Unknown farmers far away in Rwanda, Uganda and Burundi could be languishing in major losses following a cut in volume of their produce taken up by exporters and possibly have no explanation.
A silent but critical war between two major regional airlines; Kenya Airways and Ethiopian Airlines is negatively impacting on farmers and exporters as the two carriers compete for routes dominance.
The first causalities of this fight between the two airlines are flower farmers in Kenya due to a drop in airline traffic in the wake of restrictions imposed on rival carriers to protect Kenya Airways.
Some Kenyan exporters source their flowers from as far as Rwanda and Uganda and Burundi in order to maintain a sound supply to European and Asian markets. Unlike Kenya, the weather in Rwanda, Uganda and Burundi plus Eastern DRC favour floriculture.
Kenya Flower Council (KFC), the lobby for large-scale flower farms, says they need freight capacity of at least 5,000 tonnes a week against the 3,500 tonnes available.
“On average our members are dumping flowers equivalent to 25% of their produce because of the limited cargo capacity,” said Clement Tulezi, chief executive of the Kenya Flower Council.
“It’s unfortunate that this is happening when we have increased orders from our major markets in Europe and elsewhere.”
Globally, flowers represent an industry worth U$18bn.
Europe accounts for nearly 70% of Kenya’s cut flower exports and the limited cargo capacity and high freight costs are making it difficult for Kenya to serve this market, threatening thousands of jobs.
Kenya has said it will not approve additional freighters from Ethiopia Airlines after Addis refused to allow KQ to fly cargo directly to Europe from Bole International Airport, forcing the national carrier to route through Nairobi.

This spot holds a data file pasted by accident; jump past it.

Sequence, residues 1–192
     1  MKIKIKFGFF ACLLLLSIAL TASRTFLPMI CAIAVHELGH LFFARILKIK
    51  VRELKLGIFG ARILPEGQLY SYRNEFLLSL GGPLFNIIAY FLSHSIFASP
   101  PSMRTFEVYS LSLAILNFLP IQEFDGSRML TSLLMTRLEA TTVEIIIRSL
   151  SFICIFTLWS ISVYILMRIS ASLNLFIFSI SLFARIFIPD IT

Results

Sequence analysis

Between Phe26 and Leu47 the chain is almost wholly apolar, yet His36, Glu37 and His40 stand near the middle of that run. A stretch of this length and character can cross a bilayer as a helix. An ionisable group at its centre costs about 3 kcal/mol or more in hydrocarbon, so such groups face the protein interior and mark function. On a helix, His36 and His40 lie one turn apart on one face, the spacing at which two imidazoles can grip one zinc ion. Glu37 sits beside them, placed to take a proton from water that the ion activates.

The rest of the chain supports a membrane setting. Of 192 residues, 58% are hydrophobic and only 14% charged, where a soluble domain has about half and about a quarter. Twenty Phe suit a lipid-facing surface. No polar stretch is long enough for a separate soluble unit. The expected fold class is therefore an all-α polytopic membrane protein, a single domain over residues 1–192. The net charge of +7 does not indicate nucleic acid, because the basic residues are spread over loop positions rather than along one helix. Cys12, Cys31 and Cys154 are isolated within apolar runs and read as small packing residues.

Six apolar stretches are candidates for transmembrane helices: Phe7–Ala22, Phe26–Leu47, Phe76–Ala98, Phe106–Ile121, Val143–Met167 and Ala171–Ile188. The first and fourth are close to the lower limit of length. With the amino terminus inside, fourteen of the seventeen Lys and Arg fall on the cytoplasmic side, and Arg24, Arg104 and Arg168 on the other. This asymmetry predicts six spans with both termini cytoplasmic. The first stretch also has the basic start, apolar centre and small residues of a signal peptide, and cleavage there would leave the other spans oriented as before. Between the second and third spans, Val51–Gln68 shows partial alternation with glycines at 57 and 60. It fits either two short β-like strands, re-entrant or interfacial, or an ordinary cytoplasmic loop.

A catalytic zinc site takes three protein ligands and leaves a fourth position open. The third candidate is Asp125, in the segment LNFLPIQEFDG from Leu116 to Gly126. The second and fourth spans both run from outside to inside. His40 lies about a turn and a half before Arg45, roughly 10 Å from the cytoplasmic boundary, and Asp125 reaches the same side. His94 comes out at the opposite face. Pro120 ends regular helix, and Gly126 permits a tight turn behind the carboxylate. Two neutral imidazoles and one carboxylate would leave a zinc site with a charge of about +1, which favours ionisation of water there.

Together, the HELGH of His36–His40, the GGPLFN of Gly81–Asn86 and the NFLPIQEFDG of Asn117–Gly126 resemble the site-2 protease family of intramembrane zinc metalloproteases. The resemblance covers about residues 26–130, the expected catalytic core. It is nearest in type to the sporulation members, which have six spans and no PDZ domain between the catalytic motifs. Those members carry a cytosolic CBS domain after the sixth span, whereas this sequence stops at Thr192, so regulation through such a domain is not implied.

Transport Cabinet Secretary James Macharia said KQ has committed to increasing capacity and the government will approve any other carrier apart from Ethiopian Airlines to increase frequency from Nairobi to Europe.
“We met with the flower lobby and KQ and agreed that the national carrier will commit to increase capacity which they have confirmed in writing,” Mr Macharia said.
Mr Macharia said he has also asked the exporters to recommend other carriers to boost freight capacity from Nairobi and not Ethiopia Airlines.
“The only interest they are pushing is Ethiopian Airlines which we refused because they denied KQ flying from Addis to Europe, forcing us to fly back to Nairobi,” he said.
The Cabinet Secretary said that this week he approved requests of two airlines, including British Air.
Flower exporters are concerned the inadequate airfreight capacity in the middle of high season is hurting orders.
According to Rwanda’s National Agricultural Export Development Board (NAEB) statistics, last year the country shipped out flowers worth U$7,908,025 of revenue collected from a volume of 1,193,834 kgs.